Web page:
I will be the first to admit that getting 600 people to come to your event is pretty impressive. I mean, if at your last birthday party you had 600 celebrants, I would say you were pretty damn popular—or you were giving away free wings and beer.
But it seems to me that if the teabagging phenomenon is more than just worried white folks blowing off a little cultural steam, then the National Tea Party Convention in Nashville would have attracted more costume-laden fans than a mere 600.
Heck, I like dressing up in 18th-century drapery as much as the next guy, but if I were courageous enough to parade around in public in such attire I would want more support than that. In fact, our own Joplin Tea Party last April drew more folks, of course that was because most of them gathered to see Thomas Jefferson’s fantastic impersonation of local Republican activist, John Putnam.
←Pretty good, isn’t it?
In any case, I think it’s may be a good sign that more people didn’t show up or weren’t invited. It may mean the organizers suspected that a substantial number of sincere teapartiers would refuse to be exploited and would refuse to pay the steep fee to see Sarah Palin accept her $100,000 check.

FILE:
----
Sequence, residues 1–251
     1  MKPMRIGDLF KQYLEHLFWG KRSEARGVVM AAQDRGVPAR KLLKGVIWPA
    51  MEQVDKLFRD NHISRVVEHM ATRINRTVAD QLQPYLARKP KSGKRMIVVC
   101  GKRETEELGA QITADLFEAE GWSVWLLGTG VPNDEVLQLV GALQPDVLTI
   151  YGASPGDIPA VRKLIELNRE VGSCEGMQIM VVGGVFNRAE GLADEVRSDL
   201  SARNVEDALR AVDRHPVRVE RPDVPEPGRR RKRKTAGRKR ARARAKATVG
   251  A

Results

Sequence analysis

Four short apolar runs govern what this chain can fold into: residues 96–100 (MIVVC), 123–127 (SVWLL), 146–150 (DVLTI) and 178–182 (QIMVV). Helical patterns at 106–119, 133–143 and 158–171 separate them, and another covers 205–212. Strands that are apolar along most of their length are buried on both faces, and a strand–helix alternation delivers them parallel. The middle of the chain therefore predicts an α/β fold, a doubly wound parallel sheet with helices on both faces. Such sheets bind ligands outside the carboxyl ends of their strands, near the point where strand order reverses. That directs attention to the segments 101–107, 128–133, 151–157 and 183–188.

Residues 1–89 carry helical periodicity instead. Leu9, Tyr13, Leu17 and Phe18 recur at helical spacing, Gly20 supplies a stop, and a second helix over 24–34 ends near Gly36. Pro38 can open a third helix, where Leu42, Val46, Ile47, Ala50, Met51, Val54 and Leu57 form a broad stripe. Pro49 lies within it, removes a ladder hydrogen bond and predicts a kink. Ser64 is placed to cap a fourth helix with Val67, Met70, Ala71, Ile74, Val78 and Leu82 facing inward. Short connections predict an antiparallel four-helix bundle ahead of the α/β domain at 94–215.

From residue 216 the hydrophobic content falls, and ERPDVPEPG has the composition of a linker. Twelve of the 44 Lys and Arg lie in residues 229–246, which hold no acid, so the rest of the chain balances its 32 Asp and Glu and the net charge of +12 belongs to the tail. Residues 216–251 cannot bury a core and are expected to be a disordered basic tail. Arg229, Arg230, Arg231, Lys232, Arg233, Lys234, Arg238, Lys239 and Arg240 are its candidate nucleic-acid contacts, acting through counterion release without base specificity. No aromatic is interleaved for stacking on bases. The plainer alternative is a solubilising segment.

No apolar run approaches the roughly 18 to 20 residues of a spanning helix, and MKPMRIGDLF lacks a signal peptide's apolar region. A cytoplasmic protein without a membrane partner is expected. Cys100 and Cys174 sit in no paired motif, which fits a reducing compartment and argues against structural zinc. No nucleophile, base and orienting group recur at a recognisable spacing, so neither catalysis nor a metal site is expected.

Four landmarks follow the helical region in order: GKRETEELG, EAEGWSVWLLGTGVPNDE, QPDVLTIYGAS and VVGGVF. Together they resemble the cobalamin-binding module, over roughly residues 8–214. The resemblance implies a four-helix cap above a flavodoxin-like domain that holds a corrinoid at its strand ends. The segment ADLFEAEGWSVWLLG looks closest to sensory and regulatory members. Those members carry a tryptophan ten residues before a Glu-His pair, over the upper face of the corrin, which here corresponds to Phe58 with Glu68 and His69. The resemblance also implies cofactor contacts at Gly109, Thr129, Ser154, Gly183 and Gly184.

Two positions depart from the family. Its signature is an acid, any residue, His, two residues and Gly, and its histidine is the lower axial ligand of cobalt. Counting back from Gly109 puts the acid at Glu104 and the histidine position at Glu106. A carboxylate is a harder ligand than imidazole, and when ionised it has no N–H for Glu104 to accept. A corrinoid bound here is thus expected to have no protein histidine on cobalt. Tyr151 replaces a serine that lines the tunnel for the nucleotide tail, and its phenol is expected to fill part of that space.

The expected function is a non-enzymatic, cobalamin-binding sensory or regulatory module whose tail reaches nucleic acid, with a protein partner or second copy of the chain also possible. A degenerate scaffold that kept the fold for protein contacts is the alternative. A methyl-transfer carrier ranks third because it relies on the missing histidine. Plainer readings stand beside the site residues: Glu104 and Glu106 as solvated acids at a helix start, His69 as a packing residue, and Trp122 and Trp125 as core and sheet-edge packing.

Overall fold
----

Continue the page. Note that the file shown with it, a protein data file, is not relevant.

Or it may mean that Obama’s strategy of trying to put as many teabaggers out of work as possible—through his Socialist economic policies—is working, thus the culture warriors couldn’t afford to pay the steep fees associated with teabagging on the national level.
I’m fairly sure it’s the former, but I’m hoping it’s the latter.
Because I’d like to think Obama could do something to help the country.